Amid a heated atmosphere of anti-media Republican rhetoric that has at times turned into violence against journalists, McClatchy is reporting that Republican plans for the 2018 elections will feature a “deliberate strategy to help GOP candidates win elections fueled by public hatred of reporters.”
An open campaign against an institutional pillar of a democratic state would be a frightening thing to watch. There’s also every reason to believe it could work.
After all, President Donald Trump was elected last November after a campaign that regularly featured scathing personal insults against individual journalists and the institution writ large. His speeches were built in part on jeering at the press to the delight of his audience, including disgustingly ridiculing the physical disability of a reporter who had debunked one of his falsehoods. He threatened to change the laws to make it easier to sue reporters and to use the power of the state to retaliate against news outlets whose coverage he disliked. His campaign manager manhandled a reporter during a campaign event.
Trump’s attacks on the press regularly resulted in oceans of unfavorable coverage (but little collective action of the sort that might have brought a change in the candidate’s behavior). Commentators warned that he was setting the stage for authoritarianism. His mockery of the reporter’s disability was turned into negative campaign advertisements that were in heavy rotation in swing states.
In an election decided by so few votes, it is extremely difficult to determine the cause of victory. I wouldn’t go so far as to say he won because of his attacks on the press. But they were self-evidently not disqualifying.
Targeting the press might not move swing voters in the 2018 midterms -- indeed, polls show that voters broadly disapprove of such attacks. But that wouldn’t be the purpose of such an effort. As McClatchy explains, this is a base mobilization strategy aimed at getting “Trump die-hards” to the polls on Election Day.
Those voters are primed for such an effort. Conservatives have inculcated their voters for decades with claims that journalists are biased liberals who cannot be trusted. When Trump took that argument to its natural conclusion, lashing out at reporters at his rallies as a candidate and then as president, those voters cheered him on. Since his election, the president has sought to delegitimize the press and other sources of critical information about his administration, condemning their reports as deliberate efforts to push “fake news.”
Voters take their cues from their party’s leaders, and the available polling data show that the GOP base has followed the president as he has increasingly wallowed in these anti-media conspiracy theories. Polls show that four out of five Republicans agree with Trump’s statement that certain news organizations are the “enemy of the American people,” like the way he talks about the press, and believe the mainstream press frequently publishes fake news. Trust in the press has fallen throughout the public at large in recent years, but the numbers among the Republicans the reported strategy seeks to target are truly catastrophic.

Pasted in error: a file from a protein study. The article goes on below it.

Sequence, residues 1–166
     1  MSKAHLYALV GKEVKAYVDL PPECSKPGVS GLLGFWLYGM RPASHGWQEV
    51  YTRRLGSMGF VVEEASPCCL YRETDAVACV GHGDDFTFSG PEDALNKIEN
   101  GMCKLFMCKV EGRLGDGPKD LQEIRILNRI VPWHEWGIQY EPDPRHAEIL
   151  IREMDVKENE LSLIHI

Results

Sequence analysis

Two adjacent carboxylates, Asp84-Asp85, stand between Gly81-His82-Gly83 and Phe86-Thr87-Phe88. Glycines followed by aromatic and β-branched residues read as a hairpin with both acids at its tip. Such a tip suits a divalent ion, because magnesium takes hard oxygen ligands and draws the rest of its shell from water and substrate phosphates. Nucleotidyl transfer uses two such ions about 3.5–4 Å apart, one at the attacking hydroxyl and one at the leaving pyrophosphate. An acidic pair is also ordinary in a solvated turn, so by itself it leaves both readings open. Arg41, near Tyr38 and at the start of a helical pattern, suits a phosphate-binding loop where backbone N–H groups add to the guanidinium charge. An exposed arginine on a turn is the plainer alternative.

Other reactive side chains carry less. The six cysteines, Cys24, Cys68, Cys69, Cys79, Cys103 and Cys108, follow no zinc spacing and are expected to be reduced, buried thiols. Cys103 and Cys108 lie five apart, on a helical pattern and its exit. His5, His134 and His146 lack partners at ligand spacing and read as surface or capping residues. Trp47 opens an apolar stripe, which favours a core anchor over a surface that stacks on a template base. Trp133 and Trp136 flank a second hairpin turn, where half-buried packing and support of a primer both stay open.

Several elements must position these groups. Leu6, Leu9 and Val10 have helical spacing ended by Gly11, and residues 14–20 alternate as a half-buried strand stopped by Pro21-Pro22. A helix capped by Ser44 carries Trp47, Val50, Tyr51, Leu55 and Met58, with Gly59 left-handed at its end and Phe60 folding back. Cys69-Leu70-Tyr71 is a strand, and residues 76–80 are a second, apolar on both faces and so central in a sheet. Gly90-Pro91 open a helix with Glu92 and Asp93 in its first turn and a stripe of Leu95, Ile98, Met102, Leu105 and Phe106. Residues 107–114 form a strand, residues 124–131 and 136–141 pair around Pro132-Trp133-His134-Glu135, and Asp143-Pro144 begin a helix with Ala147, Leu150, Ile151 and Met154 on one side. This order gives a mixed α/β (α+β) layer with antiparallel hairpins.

The hermetically sealed media bubble that conservatives have built in recent decades serves both as a cause of this plummeting support for journalists and a key weapon for Republican strategists seeking to utilize this anti-press strategy. In order to build their audiences, outlets like Fox News and Breitbart.com regularly tell their viewers and readers that the mainstream press cannot be trusted. This has led to the creation of a parallel right-wing media apparatus that ensures conservatives can detach from reality in favor of a steady news diet of alternative facts. Those outlets are eager to assist the White House by delegitimizing any negative information reported about the president as more evidence of a biased press, and they will surely assist Republicans in their efforts to win votes by slamming the media.
It is dangerous to weaponize criticism of institutions at the heart of the democratic process for partisan gain. Such an effort echoes ones we’ve seen before in countries that used to be free. The consequences of this strategy could be dire for our political system.
Republican politicians should refuse to engage in these tactics. Republican leaders should disavow this strategy immediately. House Speaker Paul Ryan (R-WI)* and Senate Majority Leader Mitch McConnell (R-KY) have an outsized influence on the political strategies their candidates use by virtue of the huge war chests they help assemble. If they want to stop it, they can.
Unfortunately, there is little evidence so far that they will. To this point, GOP leaders have responded to the president’s attacks on the press with polite statements of disagreement and disdain for the idea that they should have to respond to his statements. Since the campaign, they have put their desire for political victories over any worries about the disastrous downsides of Trump’s presidency. Meanwhile, rank-and-file members have started parroting Trump’s framing of negatives stories as “fake news.”
With Trump's agenda stalled and few legislative accomplishments to point to, conservatives have seized on a breathtakingly cynical strategy to maintain power. The most frightening part is that it might work.
*CORRECTION: This post originally identified Ryan as representing Ohio -- he is the representative for Wisconsin's 1st District.